- You want to get the most visitors to your website;
- you don’t want to be excluded from Google searches on smartphones;
- you don’t want visitors to see warning messages that might drive visitors away from your website.
If these three sentences resonate with you in any way, you may want to give a look at these two smart steps to improve your website’s performance.
1) Equip your website with a Responsive Design
Responsive Design makes sure that browsing works fluidly across all screen sizes from desktop, laptop, tablet and smartphone. This is done by building your website in a manner that presents differently to different screen sizes, so the website visitor has a very positive experience no matter what size screen they are looking at.
2) Get HTTPS, setting up a SSL to secure data on your website
Adding the S for “Secure” to your web address will both improve your ranking and avoid warnings such as “this site may not be safe” when visitors arrive. Adding the “S” requires a Secure Socket Layer that encrypts data transferring to and from your site from visitors and adds authentication to your website that says it is safe for visitors.
Need help to set up a Responsive Design or SSL on your website?
The rise of the mobile-first design approach
You may now be wondering how did we get here.
From 1996 to 2014, it was all about growing businesses into deciding that they should have a web presence. Some did it just to be there (in case they might miss something). Then, as time went by, more and more businesses took to a web presence and grew their effort to maximise its effectiveness.
Finally, with the rise of mobile devices such as smartphones and tablets, more and more people shifted towards them, moving away from desktop computers.
Amazon, Ebay, Netflix, YouTube, Facebook, Instagram and other social networks and services have been strong drivers of bringing more and more users online as everyone now can connect to the web reaching out their device in their pocket.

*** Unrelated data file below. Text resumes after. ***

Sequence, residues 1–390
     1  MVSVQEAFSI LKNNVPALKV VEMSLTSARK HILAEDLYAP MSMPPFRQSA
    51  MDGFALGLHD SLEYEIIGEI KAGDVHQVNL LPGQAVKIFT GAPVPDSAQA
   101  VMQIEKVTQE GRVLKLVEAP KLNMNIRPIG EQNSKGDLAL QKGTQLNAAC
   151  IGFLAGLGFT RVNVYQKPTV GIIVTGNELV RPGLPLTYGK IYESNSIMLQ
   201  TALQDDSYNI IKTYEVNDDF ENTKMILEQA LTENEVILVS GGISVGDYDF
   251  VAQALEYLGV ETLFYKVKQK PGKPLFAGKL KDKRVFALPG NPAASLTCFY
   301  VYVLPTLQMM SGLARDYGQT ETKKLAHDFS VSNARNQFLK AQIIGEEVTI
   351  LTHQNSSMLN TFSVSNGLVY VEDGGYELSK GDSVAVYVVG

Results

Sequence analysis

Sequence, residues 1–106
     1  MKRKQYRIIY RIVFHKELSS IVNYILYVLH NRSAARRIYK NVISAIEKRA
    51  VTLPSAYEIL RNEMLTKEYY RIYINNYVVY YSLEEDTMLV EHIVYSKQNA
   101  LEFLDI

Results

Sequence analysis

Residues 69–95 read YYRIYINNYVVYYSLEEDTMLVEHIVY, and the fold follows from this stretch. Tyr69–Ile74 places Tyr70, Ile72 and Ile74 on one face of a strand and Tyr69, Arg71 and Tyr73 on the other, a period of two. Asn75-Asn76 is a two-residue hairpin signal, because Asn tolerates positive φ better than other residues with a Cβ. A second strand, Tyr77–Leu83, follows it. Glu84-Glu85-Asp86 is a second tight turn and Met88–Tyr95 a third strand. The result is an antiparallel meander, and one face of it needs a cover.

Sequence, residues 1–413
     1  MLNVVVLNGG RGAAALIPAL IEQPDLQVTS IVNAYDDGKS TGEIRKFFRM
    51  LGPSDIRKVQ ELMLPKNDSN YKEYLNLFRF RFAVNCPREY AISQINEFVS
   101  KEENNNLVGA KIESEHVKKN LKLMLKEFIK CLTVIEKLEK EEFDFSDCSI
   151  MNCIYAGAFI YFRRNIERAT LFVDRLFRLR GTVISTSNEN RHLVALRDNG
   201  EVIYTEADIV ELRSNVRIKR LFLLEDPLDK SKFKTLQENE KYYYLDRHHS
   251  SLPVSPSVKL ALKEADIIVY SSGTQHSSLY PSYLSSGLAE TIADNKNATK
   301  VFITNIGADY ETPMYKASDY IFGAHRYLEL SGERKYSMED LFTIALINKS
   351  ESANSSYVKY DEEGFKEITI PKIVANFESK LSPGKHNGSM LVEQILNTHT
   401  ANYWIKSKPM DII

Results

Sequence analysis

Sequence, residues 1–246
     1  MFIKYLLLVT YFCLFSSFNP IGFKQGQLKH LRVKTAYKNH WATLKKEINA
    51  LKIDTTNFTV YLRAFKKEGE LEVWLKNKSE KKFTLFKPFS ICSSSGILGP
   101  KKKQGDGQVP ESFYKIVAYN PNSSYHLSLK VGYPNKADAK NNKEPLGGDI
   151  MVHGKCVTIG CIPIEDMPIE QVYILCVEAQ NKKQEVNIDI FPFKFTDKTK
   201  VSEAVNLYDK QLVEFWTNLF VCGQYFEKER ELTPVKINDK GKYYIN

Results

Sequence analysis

The role of Search Engines
Search Engines such as Google, as their algorithms grow more and more sophisticated, want to provide their users the best possible experience when searching for something through their service.
Aware of the rise of mobile browsing, this means that a website has to:
- be easy to browse from any device;
- keep their users privacy safe.
Mobile-first design approach
On April 21, 2015, The rise of mobile devices in the online browsing market, led Google to roll out the so called “Mobilegeddon” algorithm update. This update gives priority – in mobile Search Engine Results Page – to websites that display correctly on mobile devices.
Last January, Google started issuing a penalty to those websites that display intrusive popups on their users’ devices.
The list goes on.
Safety through HTTPS encryption\SSL certificate
HTTPS encryption has been declared to be a ranking factor since August 2014, although people are getting more aware of it only just lately, when major web browsers started to clearly show in their URL bar whether a website has such encryption in place or not.
On Chrome browser, for example, you will now see to the left of the web address:
Info or Not secure
Not secure or Dangerous
For website owners this can be a big negative. Someone is just about to visit your website and they are now being warned away, because “you are HTTP and not HTTPS!”.
Again, the focus here is on the visitor first and the website owner second.
For websites that are just information – this appears at first to be a bit strong but adding the “S” to HTTP adds a Secure Socket Layer to ensure data is encrypted and therefore protects the website visitor. This matters whether they are simply browsing your website or entering personal details and other sensitive information such as credit card details, etc.
Now, the bottom line is that if you do not have a HTTPS on your website – visitors are likely to reduce due to warnings and lower rankings.
If you do add HTTPS (using a Secure Socket Layer) then you are seen to respect your potential website visitors and you are rewarded by Google and the browsers by not having warnings showing to visitors.
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